Tiny House lives up to its namesake.
An unassuming row home on a block of unassuming row homes, Tiny House is not only the home to a few punk kids, but also home to the smallest show space I have ever seen. Having only been there once before I thought maybe my memory was exaggerating its diminutive dimensions, but upon entering the unfinished basement at 4055 Ludlow St., I knew I had not been imagining things.
With a staircase running down the center of it, and plenty of piping and ducts to avoid when finding a spot to stand, the basement of Tiny House may not seem like the most ideal place to see a band rock, but shortly after Slingshot Dakota kicked things off, I realized it was more intimate than cramped, more personal than uncomfortable.
Have you ever been listening to an indie band, and think, "Damn, I wish they could just kick it up a notch!" Well, Slingshot Dakota fulfilled that wish for me. A three-piece band consisting of guitar that moves from the delicate note-picking of the Weakerthans to an almost post-hardcore vibe, keyboard that is made up of intricate lines instead of the two-finger banging found in many underground bands these days, and drumming that seems almost like it would be more at home in a hardcore band once it breaks out, Slingshot brought both the pop and the aggression. Perhaps what was most impressive was the vocal work of singers Carly Comando and Jeff Cunningham. Ignoring the gender stereotypes that usually come along with vocal inflections, they both offered up soft melodies and passionate shouts, and when they worked together I can honestly say it was the best harmonies I have ever heard in a basement.
As might be expected in a venue such as this, there were sound problems. The PA seemed pushed to the max, leaving the vocals sometimes muffled or slightly distorted, while the low-end keyboard work sometimes brought feedback with it. Still, the band put on a great performance showing that even an indie act based around clean guitars and keyboards can still rock.
Maybe I shouldn't have left the basement between bands, because when I come back down for Latterman it was almost impossible to get near the spot where the band was set up. After finding myself pressed up against a wall made of rough stone, the claustrophobic conditions only grew more intense. With about forty people in attendance, some of which had to sit on the stairs because they couldn't even get down to the floor, the basement screamed fire hazard.
After some amp issues, Latterman thanked everyone for crowding in and launched into "Doom!Doom!Doom!" Yeah, the equipment problems continued during the song (and for the next couple), but it didn't really matter too much. The conviction and devotion that Latterman expressed was nearly tangible, and I realized they don't shout because they want to, but because when you are aiming for the 110% goal that they are, anything less than yelling at the top of your lungs just won't cut it. Live you can see they care about those lyrics they penned, from the strained throat muscles to the closed eyes and looks of pained concentration. Hell, even the kids in the crowd cared about those lyrics as they shouted along and bounced to the music.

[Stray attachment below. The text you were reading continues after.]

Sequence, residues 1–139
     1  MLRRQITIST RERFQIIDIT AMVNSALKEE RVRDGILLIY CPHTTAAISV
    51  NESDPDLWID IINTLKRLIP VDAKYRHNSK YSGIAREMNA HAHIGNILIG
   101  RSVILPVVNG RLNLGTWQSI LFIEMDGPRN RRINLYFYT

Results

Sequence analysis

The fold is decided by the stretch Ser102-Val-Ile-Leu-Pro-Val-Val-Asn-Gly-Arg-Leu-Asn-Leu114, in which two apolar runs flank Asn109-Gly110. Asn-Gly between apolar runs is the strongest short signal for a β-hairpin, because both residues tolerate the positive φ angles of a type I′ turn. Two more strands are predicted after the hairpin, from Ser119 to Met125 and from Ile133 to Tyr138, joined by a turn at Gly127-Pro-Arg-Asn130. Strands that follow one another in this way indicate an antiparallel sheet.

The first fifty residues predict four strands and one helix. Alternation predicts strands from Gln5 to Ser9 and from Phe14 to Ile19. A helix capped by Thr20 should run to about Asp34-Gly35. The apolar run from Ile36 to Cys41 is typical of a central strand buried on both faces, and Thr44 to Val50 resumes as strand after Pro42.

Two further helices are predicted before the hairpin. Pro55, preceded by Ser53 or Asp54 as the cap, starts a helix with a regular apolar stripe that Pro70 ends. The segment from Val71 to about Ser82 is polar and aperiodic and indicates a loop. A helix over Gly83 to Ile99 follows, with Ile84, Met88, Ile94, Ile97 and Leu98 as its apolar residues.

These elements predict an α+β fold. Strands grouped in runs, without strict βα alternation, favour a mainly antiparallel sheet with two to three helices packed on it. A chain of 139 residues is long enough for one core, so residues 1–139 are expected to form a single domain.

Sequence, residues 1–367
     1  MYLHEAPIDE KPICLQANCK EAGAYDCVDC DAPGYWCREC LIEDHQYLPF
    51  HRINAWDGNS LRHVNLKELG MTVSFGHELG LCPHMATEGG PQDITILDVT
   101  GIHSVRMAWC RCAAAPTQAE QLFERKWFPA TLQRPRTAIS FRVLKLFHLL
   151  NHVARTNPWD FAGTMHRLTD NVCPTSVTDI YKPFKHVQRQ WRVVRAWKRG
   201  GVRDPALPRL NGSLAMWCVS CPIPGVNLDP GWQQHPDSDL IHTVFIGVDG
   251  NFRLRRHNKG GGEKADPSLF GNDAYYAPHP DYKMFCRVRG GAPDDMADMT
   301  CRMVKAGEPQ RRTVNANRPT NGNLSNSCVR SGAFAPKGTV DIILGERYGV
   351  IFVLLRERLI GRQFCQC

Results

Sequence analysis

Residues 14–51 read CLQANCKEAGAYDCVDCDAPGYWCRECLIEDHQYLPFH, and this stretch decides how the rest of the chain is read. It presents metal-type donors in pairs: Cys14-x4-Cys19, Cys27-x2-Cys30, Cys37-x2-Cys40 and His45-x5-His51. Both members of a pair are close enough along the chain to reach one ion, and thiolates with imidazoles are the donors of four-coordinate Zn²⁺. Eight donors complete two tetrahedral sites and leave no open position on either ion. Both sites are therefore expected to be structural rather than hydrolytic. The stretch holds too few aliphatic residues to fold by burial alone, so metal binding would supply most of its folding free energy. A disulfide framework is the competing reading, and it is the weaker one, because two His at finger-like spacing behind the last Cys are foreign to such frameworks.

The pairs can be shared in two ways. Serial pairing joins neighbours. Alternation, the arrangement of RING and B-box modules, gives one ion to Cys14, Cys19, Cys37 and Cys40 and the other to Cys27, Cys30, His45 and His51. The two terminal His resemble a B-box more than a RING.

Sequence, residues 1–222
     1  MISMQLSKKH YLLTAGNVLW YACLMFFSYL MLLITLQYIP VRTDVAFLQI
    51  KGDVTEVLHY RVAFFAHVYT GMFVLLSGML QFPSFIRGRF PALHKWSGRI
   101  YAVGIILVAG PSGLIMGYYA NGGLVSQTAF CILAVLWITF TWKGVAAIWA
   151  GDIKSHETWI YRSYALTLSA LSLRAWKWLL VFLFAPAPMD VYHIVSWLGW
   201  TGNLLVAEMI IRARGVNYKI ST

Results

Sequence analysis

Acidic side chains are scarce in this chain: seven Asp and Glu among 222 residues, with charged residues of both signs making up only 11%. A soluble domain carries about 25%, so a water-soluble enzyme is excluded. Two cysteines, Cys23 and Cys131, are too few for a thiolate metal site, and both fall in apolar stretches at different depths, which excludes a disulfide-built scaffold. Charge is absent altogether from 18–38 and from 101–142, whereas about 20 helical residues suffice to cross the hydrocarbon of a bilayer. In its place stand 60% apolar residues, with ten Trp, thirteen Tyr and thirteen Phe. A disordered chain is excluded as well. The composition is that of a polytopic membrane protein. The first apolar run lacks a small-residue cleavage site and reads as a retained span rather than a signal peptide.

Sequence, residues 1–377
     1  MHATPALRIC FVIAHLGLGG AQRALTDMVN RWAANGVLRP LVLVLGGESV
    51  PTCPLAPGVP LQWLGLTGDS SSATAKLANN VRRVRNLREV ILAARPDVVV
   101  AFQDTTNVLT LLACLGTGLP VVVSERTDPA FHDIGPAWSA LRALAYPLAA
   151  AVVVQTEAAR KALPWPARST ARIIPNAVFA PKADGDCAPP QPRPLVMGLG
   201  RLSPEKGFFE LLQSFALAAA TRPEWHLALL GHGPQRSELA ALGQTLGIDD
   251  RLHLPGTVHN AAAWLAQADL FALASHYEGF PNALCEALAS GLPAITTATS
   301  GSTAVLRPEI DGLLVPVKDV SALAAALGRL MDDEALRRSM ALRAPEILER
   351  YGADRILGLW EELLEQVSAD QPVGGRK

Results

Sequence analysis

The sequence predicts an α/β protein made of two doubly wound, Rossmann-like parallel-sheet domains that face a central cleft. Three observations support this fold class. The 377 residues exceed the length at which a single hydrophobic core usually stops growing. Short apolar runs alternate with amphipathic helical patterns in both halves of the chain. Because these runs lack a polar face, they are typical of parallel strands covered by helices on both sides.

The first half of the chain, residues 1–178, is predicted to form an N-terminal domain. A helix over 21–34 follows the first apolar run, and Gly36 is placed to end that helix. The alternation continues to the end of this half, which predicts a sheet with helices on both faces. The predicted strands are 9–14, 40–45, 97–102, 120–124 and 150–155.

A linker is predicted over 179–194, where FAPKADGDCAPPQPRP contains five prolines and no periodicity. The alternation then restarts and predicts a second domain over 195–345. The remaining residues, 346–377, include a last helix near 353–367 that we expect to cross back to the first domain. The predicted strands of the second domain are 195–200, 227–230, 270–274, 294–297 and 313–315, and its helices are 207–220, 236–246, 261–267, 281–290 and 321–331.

Their set consisted almost entirely of songs from No Matter Where We Go..!, but they also busted out a new one entitled "If Batman Were Real, He Would Have Beat Up Most of My Friends by Now," and "There's Never a Reason Not to Party" from their first album. What made this old song interesting was that Jeff from Slingshot Dakota did some vocals on the recorded version and was right up front to grab the mic and scream along with Canino.
Between songs the band offered short descriptions about the tunes, but it was before playing their final song of the night, "My Bedroom is Like for Artists," that Canino said perhaps the most poignant thing of the evening. After explaining that the song was about the way that we have all been acculturated into a society full of sexism, racism, and homophobia, and the only way to deal with it is to communicate, he simply stated, "Punk rock saved my life. I'm sure it saved a lot of your lives too, so let's save punk rock." After this the band preceded to tear through their closer with pure tenacity, showing just how important punk rock is to them.
So maybe the sound wasn't perfect, and maybe being packed in wasn't the most ideal situation for watching a show, but when it comes to DIY performances you shouldn't be looking for amazing tone or a good seat. Instead, it's important just to realize that people can still come together on their own accord to support something and learn from each other without corporate forces intervening.
"For the kids, by the kids" may be a bit cliché, but that was what I saw embodied in Tiny House and the performances of Slingshot Dakota and Latterman.
Tiny House lives up to its namesake.